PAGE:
Anne and Gary Still own and operate two of Edinburgh’s most innovative whisky outlets. They kindly took time out of their busy schedules for a chat with DRAM’s Jason Caddy.
Anne and Gary Still are like two peas in a pod. Not only are they 20 years married and co-owners of WHISKI on Edinburgh’s High Street, Glenmorangie Whisky Bar of the Year 2011, and the WHISKI Rooms around the corner on North Street, but they met studying the same computing course at university. They are also both self-confessed workaholics.
Gary, originally from Aberdeen, moved to South Africa as a child before returning to Scotland in 1986, where he met Dumfries-born Anne while the two studied for a BSc in computing at Edinburgh University. The couple then spent the next sixteen years working in both the IT and finances sectors before their first foray into the licensed trade in the form of WHISKI in 2006, followed by the WHISKI Rooms in 2011. Gary explains, “My father was a chartered accountant and after we graduated we moved to London where we ran our own business consultancy and, as a kind of natural progression, worked for numerous financial companies in the IT sector and at the Stock Exchange.”
But even at the tender age of 21, the couple had a glimpse into what was to become their future, when Gary took Anne to see a pub that was then on the market in the capital. “To be honest we always had a hankering after running our own bar/restaurant,” says Anne. “Even as penniless 21-year-old students, Gary took me to see a bar on Rose Street that was for sale and said that he wanted to buy it. I told him straight, ‘don’t be ridiculous,’ but I suppose even way back then, we wanted to deviate from IT and into the hospitality industry.”
WHISKI opened back in 2006 with 150 whiskies and it now has over 300, but events could so easily have taken an all together different turn, as Anne explains. “We first acquired the lease for what was to become WHISKI from Punch Taverns, and we ran it as Clever Dicks (a name that the couple were less than fond of). But this kind of unit wasn’t at all what we were looking for to begin with. You have to remember that this was a time when boutique hotel market was absolutely booming, although this was a crowded market and it became obvious that we were going to have to consider something a bit different if we were going to start our own pub business.”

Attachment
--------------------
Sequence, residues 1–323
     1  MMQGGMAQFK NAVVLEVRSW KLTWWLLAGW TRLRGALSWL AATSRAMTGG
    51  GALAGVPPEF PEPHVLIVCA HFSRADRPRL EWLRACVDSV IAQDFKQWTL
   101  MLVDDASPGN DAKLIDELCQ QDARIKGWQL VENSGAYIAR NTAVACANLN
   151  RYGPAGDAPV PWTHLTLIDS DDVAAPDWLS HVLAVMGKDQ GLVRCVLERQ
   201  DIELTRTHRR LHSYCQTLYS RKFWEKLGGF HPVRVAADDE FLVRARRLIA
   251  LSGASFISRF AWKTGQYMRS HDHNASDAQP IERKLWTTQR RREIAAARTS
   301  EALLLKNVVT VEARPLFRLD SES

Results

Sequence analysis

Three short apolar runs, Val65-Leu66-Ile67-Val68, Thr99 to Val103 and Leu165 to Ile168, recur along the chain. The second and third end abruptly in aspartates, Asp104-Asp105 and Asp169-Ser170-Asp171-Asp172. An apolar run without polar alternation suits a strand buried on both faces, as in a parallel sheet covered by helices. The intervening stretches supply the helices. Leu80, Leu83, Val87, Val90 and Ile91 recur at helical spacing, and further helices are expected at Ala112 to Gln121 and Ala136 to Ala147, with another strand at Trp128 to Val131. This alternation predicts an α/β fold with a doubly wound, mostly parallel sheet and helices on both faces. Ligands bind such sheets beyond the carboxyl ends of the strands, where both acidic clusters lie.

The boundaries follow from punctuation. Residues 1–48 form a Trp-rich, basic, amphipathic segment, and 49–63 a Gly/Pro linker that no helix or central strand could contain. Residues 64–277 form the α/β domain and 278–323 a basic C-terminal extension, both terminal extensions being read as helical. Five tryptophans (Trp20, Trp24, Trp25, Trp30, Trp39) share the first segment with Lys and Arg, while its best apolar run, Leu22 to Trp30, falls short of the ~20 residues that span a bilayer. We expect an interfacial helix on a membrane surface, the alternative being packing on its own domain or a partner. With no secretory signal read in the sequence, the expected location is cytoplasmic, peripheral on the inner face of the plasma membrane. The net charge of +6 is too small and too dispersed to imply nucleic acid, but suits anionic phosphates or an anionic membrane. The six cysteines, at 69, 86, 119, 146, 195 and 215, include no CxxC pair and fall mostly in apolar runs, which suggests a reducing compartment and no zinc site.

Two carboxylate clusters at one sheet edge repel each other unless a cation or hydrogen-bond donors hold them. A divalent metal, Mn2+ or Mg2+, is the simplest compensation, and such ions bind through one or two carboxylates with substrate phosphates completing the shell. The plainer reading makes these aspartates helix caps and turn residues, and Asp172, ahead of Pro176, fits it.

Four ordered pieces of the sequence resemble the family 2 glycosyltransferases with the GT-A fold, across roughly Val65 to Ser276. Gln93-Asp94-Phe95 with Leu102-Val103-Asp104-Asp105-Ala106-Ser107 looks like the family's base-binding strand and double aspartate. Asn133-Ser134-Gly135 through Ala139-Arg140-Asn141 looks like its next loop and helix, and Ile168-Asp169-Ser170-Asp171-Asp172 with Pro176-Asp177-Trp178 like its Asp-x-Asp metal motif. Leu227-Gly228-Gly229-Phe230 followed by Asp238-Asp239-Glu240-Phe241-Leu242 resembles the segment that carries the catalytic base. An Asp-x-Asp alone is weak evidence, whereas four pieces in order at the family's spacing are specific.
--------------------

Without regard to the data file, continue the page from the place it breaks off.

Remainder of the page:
She continues, “Gary eventually came to me with the sales particulars for the unit that was to become WHISKI on High Street and we decided that we’d take the lease, and after two years we bought the freehold. After some hard negotiating and chipping away at Punch we eventually got the deal that we wanted and stamped our identity on it. Prior to us taking over the reins it was lucky if it sold two nips a week, but through a combination of passion, effort and new menus with lots of fresh food, we eventually turned the whole operation around. We hit the ground running by introducing 150 malts and went about delivering an accessible whisky bar in the city centre at a time when the whisky market was really beginning to take off.”
Fast forward four years, via much blood, sweat and tears, the couple then decided to take the plunge with outlet number two – which in part came about on the back of comments and suggestions from the regulars and non-regulars alike at WHISKI. Explains Gary, “WHISKI really gave rise to the WHISKI Rooms as our customers began to enquire about where they could buy the various whiskies that we stocked so we had a brainwave of a bar and whisky shop combined, and what better location than around the corner from Edinburgh’s Royal Mile, in the shadow of the castle with stunning views over the city to boot. Apart from something vaguely similar in Paris, what we created in the WHISKI Rooms is really something quite unique, certainly in Scotland.”